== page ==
Susik’s second chapter interprets automatic writing at the Bureau for Surrealist Research in the 1920s as a type of “symbolic sabotage.” She begins with the mythos constructed around automatism through staged photographs of Simone Breton at a typewriter, transcribing a stream-of-consciousness dictation from one of the movement’s many illustrious male artists who surround her. With particular attention to the popular trope of the dame dactylographe, Susik weaves a stunning tapestry of cultural meanings associated with women stenographers of the era, which had seen a sudden feminization of secretarial work after the Great War’s mobilization of men to the front. Susik traces the gender politics of automatism through what she herself characterizes as a “heady set” of cultural artifacts (amanuensis manuals, nationalist propaganda, foxtrot and vaudeville music, Ouija board advertisements, and pulp erotica, to name a few). Representing automatism through “the image of a labouring new woman,” male Surrealists, Susik claims, “identified with, projected onto, and emblematised not only the more familiar tropes of the female spiritualist medium and the incarcerated girl hysteric,” but also the “fetishised stereotype of the sexualised secretary.” By “repeating, re-signifying and re-performing the trappings of gendered work performance,” Surrealist automatism becomes a “tool for liberation” able to “unfetter subjection of different kinds.” Susik’s comparison of automatist practices to the “subversion through compliance” tactics of work-to-rule industrial sabotage is intriguing, but its implications are obscure. Without considering key differences in their contexts and stakes, it becomes difficult to bridge the gap between aesthetic “strategies of resistance” and the kind of organized action that resulted in the reduction of the working day.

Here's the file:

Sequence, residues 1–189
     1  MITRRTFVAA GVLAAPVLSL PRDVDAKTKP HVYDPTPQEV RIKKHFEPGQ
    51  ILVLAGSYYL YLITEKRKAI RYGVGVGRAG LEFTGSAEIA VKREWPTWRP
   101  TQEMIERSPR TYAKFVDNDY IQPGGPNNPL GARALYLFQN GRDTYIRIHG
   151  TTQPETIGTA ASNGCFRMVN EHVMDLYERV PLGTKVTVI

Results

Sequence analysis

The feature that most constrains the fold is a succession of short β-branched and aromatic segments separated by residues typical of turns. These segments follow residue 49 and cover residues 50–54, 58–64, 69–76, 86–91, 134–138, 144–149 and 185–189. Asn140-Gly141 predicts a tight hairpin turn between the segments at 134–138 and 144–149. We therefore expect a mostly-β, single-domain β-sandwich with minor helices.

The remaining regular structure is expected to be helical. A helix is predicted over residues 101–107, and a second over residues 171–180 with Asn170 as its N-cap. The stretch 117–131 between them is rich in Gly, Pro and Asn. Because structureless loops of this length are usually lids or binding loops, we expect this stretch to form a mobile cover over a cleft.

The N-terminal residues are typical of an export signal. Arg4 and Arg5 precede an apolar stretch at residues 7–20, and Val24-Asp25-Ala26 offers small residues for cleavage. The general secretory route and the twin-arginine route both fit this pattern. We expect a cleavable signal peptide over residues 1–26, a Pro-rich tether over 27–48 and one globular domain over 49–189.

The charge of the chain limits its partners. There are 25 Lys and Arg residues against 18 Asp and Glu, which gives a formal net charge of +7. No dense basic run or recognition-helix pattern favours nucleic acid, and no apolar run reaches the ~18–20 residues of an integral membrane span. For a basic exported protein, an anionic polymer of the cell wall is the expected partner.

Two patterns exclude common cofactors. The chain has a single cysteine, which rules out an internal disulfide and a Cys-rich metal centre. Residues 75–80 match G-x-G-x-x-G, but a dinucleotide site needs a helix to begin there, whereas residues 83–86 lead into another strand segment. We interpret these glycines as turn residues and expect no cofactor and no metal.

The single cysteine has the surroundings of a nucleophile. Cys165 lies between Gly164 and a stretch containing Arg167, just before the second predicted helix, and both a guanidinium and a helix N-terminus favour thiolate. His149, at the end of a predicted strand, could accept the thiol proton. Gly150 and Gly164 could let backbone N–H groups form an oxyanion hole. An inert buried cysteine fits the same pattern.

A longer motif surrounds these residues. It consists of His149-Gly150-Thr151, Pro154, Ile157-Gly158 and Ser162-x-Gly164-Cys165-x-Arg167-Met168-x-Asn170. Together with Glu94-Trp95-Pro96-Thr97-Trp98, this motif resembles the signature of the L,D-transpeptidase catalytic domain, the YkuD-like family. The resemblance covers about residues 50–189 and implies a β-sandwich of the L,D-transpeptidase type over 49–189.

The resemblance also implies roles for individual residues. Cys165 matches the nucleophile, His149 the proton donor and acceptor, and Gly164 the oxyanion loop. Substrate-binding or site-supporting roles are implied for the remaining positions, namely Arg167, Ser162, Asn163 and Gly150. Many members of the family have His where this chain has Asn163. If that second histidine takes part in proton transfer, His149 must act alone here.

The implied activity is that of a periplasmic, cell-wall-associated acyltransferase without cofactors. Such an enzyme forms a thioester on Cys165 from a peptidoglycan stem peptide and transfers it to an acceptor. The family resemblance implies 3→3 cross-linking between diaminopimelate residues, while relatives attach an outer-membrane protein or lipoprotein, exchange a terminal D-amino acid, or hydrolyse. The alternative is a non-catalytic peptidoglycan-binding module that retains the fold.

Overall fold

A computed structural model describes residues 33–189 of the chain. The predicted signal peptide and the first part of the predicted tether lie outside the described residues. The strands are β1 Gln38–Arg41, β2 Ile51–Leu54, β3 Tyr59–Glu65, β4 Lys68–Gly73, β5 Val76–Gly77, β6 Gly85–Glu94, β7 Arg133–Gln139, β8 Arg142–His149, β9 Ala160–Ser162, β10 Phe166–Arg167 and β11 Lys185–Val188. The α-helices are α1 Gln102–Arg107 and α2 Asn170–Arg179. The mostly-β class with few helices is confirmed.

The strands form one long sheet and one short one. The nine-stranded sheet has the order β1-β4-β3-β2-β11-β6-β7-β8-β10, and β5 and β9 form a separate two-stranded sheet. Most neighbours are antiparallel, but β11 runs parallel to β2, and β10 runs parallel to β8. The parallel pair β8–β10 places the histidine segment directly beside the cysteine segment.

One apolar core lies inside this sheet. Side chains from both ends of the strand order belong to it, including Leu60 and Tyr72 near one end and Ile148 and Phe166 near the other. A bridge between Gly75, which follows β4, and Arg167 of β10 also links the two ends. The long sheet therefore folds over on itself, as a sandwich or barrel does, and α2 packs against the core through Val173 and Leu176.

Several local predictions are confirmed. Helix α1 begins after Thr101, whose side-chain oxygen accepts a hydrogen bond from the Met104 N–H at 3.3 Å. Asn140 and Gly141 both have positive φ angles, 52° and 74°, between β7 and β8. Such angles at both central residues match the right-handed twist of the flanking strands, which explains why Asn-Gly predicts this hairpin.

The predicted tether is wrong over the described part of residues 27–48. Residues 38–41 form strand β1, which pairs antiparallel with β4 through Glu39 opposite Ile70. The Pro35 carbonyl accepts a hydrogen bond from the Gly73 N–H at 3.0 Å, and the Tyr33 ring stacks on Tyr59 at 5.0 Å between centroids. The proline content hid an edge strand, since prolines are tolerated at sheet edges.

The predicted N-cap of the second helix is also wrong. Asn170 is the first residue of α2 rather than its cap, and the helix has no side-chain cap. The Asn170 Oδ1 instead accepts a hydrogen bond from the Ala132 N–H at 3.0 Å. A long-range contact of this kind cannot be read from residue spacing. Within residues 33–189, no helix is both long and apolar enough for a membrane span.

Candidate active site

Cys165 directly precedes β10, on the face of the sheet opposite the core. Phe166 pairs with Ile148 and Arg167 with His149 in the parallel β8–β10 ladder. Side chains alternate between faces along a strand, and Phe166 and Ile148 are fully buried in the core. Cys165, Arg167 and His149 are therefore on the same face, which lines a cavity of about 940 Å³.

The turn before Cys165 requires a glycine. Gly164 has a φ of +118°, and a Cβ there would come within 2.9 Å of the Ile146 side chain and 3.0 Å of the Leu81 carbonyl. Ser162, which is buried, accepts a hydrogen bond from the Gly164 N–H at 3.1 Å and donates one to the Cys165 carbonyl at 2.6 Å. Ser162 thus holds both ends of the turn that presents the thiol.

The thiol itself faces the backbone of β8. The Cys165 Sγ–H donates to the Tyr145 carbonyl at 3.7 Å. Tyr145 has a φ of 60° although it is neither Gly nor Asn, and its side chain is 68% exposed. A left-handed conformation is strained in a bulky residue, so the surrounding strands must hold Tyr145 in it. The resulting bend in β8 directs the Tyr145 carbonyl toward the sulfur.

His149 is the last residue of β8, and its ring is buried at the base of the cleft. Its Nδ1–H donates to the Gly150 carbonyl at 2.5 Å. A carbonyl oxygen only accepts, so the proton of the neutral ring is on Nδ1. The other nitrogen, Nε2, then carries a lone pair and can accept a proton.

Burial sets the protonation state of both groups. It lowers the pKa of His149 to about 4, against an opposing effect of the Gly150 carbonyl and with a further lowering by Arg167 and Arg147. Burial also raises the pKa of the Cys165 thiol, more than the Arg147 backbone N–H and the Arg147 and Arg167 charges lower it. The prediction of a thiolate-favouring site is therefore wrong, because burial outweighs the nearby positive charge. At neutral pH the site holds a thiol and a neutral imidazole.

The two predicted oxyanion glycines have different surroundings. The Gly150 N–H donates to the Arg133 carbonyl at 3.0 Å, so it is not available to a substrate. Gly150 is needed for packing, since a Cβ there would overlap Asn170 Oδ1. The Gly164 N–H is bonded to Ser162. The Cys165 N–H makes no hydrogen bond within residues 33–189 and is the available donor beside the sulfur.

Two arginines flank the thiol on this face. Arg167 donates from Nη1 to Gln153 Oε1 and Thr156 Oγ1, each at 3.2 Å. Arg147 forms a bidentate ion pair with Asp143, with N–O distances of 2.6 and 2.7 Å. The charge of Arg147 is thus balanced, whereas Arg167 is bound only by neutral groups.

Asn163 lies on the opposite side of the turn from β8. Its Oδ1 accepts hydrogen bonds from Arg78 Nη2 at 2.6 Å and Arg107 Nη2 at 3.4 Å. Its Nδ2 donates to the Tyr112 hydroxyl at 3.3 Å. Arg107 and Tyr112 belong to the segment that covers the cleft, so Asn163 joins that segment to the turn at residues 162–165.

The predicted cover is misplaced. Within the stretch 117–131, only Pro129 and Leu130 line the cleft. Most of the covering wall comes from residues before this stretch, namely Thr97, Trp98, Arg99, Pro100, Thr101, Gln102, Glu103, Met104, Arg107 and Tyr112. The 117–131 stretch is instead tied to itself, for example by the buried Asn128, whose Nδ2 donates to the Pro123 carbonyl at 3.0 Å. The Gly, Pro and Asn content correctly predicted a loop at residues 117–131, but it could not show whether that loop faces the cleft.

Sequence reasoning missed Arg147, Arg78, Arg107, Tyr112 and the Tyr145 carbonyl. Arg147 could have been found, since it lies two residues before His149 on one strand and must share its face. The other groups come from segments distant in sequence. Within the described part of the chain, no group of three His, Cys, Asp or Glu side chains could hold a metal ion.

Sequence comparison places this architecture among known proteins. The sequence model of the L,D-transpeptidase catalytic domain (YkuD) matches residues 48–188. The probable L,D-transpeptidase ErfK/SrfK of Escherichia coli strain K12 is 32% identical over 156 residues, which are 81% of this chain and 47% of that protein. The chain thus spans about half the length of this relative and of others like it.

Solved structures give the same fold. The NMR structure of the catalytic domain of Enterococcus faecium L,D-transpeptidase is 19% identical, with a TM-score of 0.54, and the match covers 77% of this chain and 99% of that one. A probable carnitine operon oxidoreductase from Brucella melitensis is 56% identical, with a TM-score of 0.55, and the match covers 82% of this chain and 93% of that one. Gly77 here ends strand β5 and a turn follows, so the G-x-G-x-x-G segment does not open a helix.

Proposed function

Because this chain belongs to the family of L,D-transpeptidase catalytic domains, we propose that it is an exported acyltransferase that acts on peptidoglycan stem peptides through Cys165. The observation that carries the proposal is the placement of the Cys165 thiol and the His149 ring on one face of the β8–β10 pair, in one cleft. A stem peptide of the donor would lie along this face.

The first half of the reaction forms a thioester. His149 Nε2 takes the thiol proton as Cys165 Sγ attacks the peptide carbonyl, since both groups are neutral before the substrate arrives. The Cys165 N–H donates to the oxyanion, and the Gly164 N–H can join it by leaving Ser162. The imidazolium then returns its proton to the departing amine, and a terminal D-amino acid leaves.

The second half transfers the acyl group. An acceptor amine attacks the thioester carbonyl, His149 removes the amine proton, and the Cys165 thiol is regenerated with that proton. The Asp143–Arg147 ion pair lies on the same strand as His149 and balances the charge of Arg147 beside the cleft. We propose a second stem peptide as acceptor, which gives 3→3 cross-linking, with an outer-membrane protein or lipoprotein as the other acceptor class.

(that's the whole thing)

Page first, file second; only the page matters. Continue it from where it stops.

Óscar Domínguez, Machine à coudre électro-sexuelle, 1934–35, oil on canvas, 39 1/2 x 31 3/4''. Photo: Artists Rights Society (ARS), New York / ADAGP, Paris.

Easily the most convulsive of Susik’s case studies is her examination of “autonomy and autoeroticism” in the 1930s art of Óscar Domínguez. In his Dalíesque 1934–5 painting of an “electro-sexual sewing machine” and related works, the stenographer’s typewriter is supplanted by another gendered apparatus and its own spectrum of historical associations. Susik again wields a dizzying array of artistic and vernacular references, from a remarkably similar Joseph Cornell collage and Isidore Ducasse’s proverbial “chance encounter” on an operating table to early vibrator marketing schemes and the scandalous 1933 Papin Affair. In a trial that captivated public imagination, two domestic servants—sisters who were potentially incestuous—confessed to brutally murdering their employers with instruments of their labor: kitchen knives and a water jug. The case piqued the interest of not only the Surrealists but also Simone de Beauvoir, Jean-Paul Sartre, Jacques Lacan, and Jean Genet, whose 1947 play The Maids (1947) was inspired by it.